LFA = Low Functioning Autism. These kids/adults often never progress beyond the mental/emotional age of 18mo-2yo ... And it can take them 10-20 years to get that far if they ever do. Speech & potty training rarely happen (although many can understand certain words/phrases, some cannot). These kids/adults are mostly not "in" this world... But elsewhere. They usually grow up needing 24/7 constant care and supervision, and most have to be institutionalized for their own protection and the protection of those around them. ((Not old-school, though. My cousin is in an AWESOME facility with a couple hundred other LFA teens/adults. Unlike a lot, he can walk (that's also not a guarantee with LFA) fairly well, and take direction to some degree. I often think of LFA kids as God's Eyes & Ears.))

LFA almost always presents at birth. Mewling / meowing instead of crying is a common one.

Early Intervention is LIFE ALTERING for LFA kids. Getting the brain to start making connections before 18mo can be the difference between walking/talking and not with LFA... But there's no guarantee. Lots of LFA kids get early intervention by 6mo old who can never walk/talk... But even more are able to, for at least short periods of time.



I would be concerned about Hypotonia, if I were concerned about possible autism. Its far more rare than autism, and often missed. A lot of the signs are the same though... But its the fine & gross motor issues that create them.

Check out.

5 moms found this helpful


answers from Allentown on

Even if you think she responds to sounds there could be a hearing loss, which may not be detected until she is much older. As for spectrum disorders, both my kids have ASD(autism spectrum disorder). And ironically the one I thought would have more problems the one who showed more symptoms as an infant is the one who is much better and higher functioning now. My second child showed no symptoms until he was over 2 and still very little until he was 4 and now at 5 he has gotten much worse. My daughter was a problem child from the start, not reaching milestones, delays, limited eye contact, not responding socially and freaking out from touch. Now she is 7 and you wouldn't know there were any issues. My son who everyone thought was the perfect baby/toddler, with no issues now is the concern. So you can't tell how they will turn out from infancy.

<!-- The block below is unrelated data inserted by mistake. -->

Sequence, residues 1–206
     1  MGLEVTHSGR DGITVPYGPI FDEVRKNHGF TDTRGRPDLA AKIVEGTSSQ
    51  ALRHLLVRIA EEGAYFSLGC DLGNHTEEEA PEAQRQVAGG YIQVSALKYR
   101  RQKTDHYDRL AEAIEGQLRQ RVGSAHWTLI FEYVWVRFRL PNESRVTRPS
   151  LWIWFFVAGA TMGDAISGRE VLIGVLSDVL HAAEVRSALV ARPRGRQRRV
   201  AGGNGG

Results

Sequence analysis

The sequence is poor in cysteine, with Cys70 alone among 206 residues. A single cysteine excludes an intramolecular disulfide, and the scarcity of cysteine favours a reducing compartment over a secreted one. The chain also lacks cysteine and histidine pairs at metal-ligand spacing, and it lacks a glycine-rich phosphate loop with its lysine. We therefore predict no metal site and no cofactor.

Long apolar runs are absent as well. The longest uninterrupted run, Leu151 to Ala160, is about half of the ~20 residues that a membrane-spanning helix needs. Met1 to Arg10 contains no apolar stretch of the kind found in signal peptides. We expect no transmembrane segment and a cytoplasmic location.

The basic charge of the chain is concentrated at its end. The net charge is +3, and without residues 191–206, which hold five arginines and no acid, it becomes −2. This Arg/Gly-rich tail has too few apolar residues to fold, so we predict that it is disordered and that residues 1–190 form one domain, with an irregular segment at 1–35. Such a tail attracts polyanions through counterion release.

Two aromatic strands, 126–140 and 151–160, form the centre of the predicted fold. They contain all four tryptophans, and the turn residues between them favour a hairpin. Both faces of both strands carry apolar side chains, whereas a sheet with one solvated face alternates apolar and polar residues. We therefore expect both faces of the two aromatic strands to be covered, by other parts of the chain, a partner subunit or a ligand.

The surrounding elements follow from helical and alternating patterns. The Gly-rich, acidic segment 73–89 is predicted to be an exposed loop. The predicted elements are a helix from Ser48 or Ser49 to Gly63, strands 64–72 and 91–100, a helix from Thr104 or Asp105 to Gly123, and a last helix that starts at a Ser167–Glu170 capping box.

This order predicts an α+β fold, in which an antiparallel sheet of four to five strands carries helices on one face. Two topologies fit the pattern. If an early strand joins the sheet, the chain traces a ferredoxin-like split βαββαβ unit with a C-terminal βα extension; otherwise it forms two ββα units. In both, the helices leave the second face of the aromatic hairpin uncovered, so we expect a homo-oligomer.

5 moms found this helpful


answers from Chicago on

Until she is 12-18 months old, this question cannot really be answered.

Please just play with your baby and assume the best.

5 moms found this helpful


answers from Washington DC on

She's an infant. Relax and enjoy her. If there IS a neurological issue, you won't make it go away by worrying. Chances are she's completely neruo-typical and will benefit most from you being engaged and loving than worried and stressed.

Side note, given that your only concerns are about responding to your voice or noticing people entering the room, why not get her hearing re-checked? Chances are it's all normal, but worth a check.

Just keep loving and playing with her.


4 moms found this helpful


answers from Washington DC on


Welcome to mamapedia!!!

I realize being a first time parent is scary. However, it sounds like you are looking for something to be wrong with your child. Like you might want a LABEL for her. No, I am NOT trying to be mean, this is just how I see your post.

Please contact your pediatrician with your concerns at her next well child check up. Have her hearing and vision tested again. But really - she sounds like a typical baby. My kids would "ignore" me too around that age. They learn about their environment, action/reaction - it's OKAY...have you read the book - "what to expect the first year"? If not, go to the library and will help alleviate many concerns you have.

If you are still concerned after reading it - video tape your daughter and her lack of action or inaction for your pediatrician so he/she can "witness" your concerns.

Good luck!!

4 moms found this helpful


answers from Bloomington on

She's still really young. This could easily, be nothing to be concerned about. Try not to worry.

4 moms found this helpful


answers from Detroit on

Even at 6 mos a child will typically turn her head towards someone calling her name or react to someone leaving or entering a room. That is typical but it is not all neurotypical kids. My daughter was like that and she is autistic.

As a parent I don't see it as jumping the gun or being overly concerned because I would rather intervene as early as I can. At this age whether it is autism or not it does not even matter as the intervention should be the same. Engage her as much as possible in a structured play environment. My daughter started intervention at 17 mos (early for most autistic kids but I still wish we intervened earlier). I guess the fact that my family is extended and loud has helped her a lot.